felt

He

â&#x20AC;&#x201D;

"Not off, just postponed. We'll it, don't worry." "Dick."

get to

"Yes?" "I can take it just so long, putting our vacation off and off and off." Her eyes were earnest, liquid and opaque. "I've been thinking

about

Trying to arrive at someI'm beginning to wonder,

it.

thing.

maybe we hadn't just betwell call it quits, or something." He stared at her. "Baby, what are you saying?" Dick,

if

ter,

A

â&#x20AC;&#x201D;

SUDDEN, from

rupted.

the

fanfare-like

orchestra

They looked

blast inter-

dance of light, a

at the

There was a flash swirling of jnist, and within the space of a second the Venusian girls suddenly disappeared and their place was taken by a tall. floor.


â&#x20AC;&#x201D; WALT SHELDON

St hawk-nosed, dark-eyed

man

with a

cloak slung dramatically over one shoulder. The audience applauded. "That's Marco, the new mentalist," said Pell. Ciel shrugged to show that she particularly wasn't impressed. Neither was Pell, to tell the truth. Mentalists were all the rage, partly because everybody could practice a little amateur telepathy and hypnotism in his own home. Mentalists, of course, made a career of it and were much better at it than any-

body else. Their drinks came and they watched Marco go through his act in a rather gloomy silence. Marco was skillful, but not especially un-

He

did

the usual stuff: calling out things that people wrote on slips of paper, calling out dates on coins, and even engaging in mental duels wherein the challenger wrote a phrase, concealed it from Marco, and then deliberately usual.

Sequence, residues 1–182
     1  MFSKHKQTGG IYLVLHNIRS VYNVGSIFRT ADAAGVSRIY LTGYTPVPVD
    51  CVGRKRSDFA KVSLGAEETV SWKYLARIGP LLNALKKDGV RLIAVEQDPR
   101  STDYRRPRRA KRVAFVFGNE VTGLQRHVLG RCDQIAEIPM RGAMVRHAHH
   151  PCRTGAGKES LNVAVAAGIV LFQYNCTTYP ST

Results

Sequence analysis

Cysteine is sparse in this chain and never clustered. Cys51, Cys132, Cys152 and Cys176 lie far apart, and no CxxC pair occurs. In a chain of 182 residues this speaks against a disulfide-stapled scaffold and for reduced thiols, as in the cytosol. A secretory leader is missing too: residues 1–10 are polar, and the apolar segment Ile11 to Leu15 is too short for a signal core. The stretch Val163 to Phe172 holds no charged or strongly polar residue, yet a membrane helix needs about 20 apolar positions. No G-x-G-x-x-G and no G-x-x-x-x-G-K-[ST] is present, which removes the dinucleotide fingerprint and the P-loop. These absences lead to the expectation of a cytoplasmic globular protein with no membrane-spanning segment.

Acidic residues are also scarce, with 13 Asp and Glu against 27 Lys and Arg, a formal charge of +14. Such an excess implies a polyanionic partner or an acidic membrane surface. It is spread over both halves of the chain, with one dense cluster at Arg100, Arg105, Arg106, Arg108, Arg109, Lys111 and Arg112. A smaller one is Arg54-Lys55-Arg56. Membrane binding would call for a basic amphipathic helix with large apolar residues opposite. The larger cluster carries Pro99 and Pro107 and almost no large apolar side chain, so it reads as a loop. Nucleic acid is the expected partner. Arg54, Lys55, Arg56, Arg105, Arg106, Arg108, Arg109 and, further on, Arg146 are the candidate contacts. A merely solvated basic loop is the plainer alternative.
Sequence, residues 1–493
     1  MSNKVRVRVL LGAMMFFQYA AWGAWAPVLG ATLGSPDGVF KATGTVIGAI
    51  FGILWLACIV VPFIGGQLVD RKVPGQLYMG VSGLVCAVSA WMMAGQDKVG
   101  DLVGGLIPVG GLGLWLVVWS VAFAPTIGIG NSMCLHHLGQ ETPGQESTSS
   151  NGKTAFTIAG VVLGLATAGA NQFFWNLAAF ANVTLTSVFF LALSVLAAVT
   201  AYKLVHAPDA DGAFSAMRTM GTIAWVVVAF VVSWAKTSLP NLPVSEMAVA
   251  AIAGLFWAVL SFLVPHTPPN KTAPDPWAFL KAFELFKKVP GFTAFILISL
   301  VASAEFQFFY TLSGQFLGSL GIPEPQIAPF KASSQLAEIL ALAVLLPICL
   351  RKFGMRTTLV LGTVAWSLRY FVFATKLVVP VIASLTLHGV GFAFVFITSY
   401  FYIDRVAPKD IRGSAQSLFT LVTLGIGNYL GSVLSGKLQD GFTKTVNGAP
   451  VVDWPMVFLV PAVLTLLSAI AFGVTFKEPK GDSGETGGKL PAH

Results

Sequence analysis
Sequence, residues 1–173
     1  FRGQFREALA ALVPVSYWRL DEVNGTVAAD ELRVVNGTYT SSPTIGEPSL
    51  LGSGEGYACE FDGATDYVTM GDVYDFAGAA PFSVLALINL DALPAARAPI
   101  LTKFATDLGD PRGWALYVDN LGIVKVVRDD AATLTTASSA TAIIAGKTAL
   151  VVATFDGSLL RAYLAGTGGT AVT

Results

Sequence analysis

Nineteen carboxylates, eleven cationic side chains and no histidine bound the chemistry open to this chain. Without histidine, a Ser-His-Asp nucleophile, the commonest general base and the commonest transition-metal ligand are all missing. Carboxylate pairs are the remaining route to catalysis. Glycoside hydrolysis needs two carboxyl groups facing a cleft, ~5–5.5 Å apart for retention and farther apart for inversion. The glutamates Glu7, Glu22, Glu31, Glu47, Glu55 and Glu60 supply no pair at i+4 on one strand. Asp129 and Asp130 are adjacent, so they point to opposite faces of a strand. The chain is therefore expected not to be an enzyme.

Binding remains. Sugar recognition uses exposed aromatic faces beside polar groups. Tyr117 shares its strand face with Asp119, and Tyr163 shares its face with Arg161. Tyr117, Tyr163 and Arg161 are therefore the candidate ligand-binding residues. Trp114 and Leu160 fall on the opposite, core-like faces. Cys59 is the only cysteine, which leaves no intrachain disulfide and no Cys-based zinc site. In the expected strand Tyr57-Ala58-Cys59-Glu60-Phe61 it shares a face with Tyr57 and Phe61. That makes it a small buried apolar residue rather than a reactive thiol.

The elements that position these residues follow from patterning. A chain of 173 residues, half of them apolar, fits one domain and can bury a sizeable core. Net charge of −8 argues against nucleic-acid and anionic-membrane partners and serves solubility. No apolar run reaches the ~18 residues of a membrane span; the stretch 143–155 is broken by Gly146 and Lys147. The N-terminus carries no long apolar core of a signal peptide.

tried to

keep him from reading

telepathically.

He had

the

it

usual

hypnotism session with volunteers who were certain they could resist. He made them hop around the stage like monkeys, burn their fingers on pieces of ice, and so on.

The audience ter. Pell

and

roared with laugh-

Ciel just kept staring.

When Marco had finished

his act

and the thundering applause had faded the Venusian dancing girls came back on the stage again. Ciel yawned. Pell said, "Me, too. Let's get out of here." It

wasn't until they were

home

in

underground apartment and ready for bed that Ciel turned to him and said, "You see?"

their

getting

He was buttoning his pajamas. "See what?" "It's us, Dick. It's not the floor show, or the meth, or anything it's us. We can't enjoy anything together any more." He said, "Now wait a minute ." But she had already stepped into .

.

the bedroom and slammed the door. He heard the lock click. "Hey," he said, "what am I supposed to do, sleep out here?" He took the ensuing silence to mean that he was. ,

And he

did.

NEXT MORNING,

THE came